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Dark heaving,-boundless, endless, and sublime, -
The image of Eternity, the throne

Of the Invisible, - even from out thy slime

The monsters of the deep are made. Each zone
Obeys thee. Thou goest forth, dread, fathomless, alone.


77. Moderate movement is the usual rate of utterance in ordinary, unimpassioned narration, as in the following ex


18. "Stranger, if thou hast learned a truth which needs

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Experience more than reason, that the world

Is full of guilt and misery,—and hast known
Enough of all its crimes and cares

To tire thee of it, enter this wild wood,

And view the haunts of Nature."


79. This rate of the voice is exemplified in giving utterance to a moderate degree of joyful and vivid emotions, as in the following extracts:

88. "Now, my co-mates and brothers in exile,

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Hath not old custom made this life more sweet
Than that of painted pomp? Are not these woods
More free from peril than the envious court?
Here feel we but the penalty of Adam,
The seasons' difference; as, the icy fang, '
And churlish chiding of the wintry wind,
Which, when it bites and blows upon my body,
Even till I shrink with cold, I smile and say,
This is no flattery.' These are counsellors

That feelingly persuade me what I am.

Sweet are the uses of adversity,

Which, like the toad, ugly and venomous,

Wears yet a precious jewel in his head

And this our life, exempt from public haunt,

Finds tongues in trees, books in the running brooks,
Sermons in stones, and good in every thing.

I would not change it."


81. This rate of the voice is employed in giving utterance to gay, sprightly, humorous, and exhilarating emotions; as in the following examples :

82. "But, O! how altered was its sprightlier tone, When Cheerfulness, a nymph of healthiest hue, Her bow across her shoulder flung,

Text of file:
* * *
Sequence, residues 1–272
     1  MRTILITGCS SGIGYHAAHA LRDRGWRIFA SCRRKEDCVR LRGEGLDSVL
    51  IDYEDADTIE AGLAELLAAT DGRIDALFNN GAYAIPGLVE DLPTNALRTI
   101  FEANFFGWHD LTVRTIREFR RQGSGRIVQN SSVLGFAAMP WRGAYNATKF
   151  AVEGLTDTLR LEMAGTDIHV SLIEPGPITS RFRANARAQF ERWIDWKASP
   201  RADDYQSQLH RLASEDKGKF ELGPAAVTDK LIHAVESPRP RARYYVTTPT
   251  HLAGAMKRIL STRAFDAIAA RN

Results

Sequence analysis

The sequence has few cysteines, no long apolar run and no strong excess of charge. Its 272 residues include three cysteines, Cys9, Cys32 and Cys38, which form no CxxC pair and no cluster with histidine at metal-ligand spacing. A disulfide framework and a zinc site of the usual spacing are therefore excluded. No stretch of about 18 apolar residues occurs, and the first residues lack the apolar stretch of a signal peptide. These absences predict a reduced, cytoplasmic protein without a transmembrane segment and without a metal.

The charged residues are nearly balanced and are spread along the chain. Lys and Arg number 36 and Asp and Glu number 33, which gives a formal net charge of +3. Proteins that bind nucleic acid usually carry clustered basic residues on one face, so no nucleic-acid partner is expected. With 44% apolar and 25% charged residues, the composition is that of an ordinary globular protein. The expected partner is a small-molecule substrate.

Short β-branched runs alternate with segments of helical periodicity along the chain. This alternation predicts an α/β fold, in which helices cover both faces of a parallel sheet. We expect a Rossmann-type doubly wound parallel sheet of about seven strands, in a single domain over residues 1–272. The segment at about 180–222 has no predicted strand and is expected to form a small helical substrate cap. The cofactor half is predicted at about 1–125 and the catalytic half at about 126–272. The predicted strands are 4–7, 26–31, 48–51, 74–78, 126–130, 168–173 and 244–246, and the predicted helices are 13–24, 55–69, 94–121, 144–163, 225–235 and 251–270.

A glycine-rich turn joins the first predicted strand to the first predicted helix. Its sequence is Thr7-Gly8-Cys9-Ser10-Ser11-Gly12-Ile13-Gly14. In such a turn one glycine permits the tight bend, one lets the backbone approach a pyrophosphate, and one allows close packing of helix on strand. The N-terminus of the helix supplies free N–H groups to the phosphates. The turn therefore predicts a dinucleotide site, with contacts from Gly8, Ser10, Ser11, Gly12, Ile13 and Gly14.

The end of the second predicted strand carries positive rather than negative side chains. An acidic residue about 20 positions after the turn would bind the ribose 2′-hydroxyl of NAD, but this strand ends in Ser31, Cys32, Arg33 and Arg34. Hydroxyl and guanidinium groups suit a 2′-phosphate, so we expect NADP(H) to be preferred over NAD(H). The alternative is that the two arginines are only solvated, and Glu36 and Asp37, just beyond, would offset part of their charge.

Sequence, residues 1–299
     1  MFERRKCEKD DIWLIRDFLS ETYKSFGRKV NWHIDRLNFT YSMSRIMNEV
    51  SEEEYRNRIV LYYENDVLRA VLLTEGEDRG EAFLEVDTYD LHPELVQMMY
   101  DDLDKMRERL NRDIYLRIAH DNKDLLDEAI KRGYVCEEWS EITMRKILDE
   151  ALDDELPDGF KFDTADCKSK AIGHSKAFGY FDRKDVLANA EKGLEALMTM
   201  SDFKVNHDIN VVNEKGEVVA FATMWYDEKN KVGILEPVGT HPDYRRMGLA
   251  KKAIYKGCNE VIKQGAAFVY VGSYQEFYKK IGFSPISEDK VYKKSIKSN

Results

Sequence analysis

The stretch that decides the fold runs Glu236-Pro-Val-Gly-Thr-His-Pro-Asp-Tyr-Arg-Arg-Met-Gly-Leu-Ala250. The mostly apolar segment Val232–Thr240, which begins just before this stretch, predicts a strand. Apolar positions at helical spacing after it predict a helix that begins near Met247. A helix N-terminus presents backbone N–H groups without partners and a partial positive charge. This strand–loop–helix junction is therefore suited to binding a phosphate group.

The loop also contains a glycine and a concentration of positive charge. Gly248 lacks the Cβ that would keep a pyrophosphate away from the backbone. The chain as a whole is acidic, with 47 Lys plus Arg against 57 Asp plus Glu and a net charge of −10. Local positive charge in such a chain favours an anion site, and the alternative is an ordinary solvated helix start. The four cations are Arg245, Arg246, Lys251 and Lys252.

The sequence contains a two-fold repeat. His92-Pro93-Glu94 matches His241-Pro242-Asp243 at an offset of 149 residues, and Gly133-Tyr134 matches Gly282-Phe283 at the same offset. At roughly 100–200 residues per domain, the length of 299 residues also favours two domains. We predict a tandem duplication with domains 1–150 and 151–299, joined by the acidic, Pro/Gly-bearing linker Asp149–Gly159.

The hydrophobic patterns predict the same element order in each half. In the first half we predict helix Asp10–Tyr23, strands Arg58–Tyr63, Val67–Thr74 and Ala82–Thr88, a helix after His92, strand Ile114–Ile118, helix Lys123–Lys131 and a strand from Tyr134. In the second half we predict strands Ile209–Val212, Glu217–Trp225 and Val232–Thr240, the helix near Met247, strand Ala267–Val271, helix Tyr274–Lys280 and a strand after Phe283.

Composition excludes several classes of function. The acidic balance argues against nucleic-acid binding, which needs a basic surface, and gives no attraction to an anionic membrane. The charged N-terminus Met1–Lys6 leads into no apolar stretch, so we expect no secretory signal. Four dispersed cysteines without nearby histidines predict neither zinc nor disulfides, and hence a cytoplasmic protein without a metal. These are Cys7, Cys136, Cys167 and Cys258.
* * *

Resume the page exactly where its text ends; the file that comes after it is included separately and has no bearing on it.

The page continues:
Her buskins gemmed with morning dew,

Blew an inspiring air, that dale and thicket rung,
The hunter's call, to Faun and Dryad known.'

83. "Last came Joy's ecstatic trial.

He, with viny crown advancing,

First to the lively pipe his hand addressed;
But soon he saw the brisk, awakening viol,
Whose sweet, entrancing voice he loved the best."

84. "I come, I come! - ye have called me long ; -
I come o'er the mountain with light and song.
Ye may trace my step o'er the wakening earth
By the winds which tell of the violet's birth,
By the primrose-stars in the shadowy grass,
By the green leaves opening as I pass.'

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85. "One touch to her hand, and one word in her ear,

When they reached the hall door, and the charger stood near;
So light to the croup the fair lady he swung,

So light to the saddle before her he sprung.

'She is won! we are gone, over bank, bush, and scaur;

They'll have fleet steeds that follow,' quoth young Lochinvar."


86. This movement of the voice is the symbol of violent anger, confusion, alarm, fear, hurry, and is generally employed in giving utterance to those incoherent expressions which are thrown out when the mind is in a state of perturbation; as may be exemplified in parts of the following ex




"Next Anger rushed. His eyes, on fire,

In lightnings owned his secret stings;
In one rude clash he struck the lyre,

And swept with hurried hand the strings."

"When, doffed his casque, he felt free air,
Around 'gan Marmion wildly stare.

'Where's Harry Blount? Fitz-Eustace, where?
Linger ye here, ye hearts of hare!
Redeem my pennon - charge again!

Cry, "Marmion, to the rescue !"— Vain!

Last of my race, on battle plain

That shout shall ne'er be heard again!
Yet my last thought is England's. Fly,
Fitz-Eustace, to Lord Surrey hie.
Tunstall lies dead upon the field;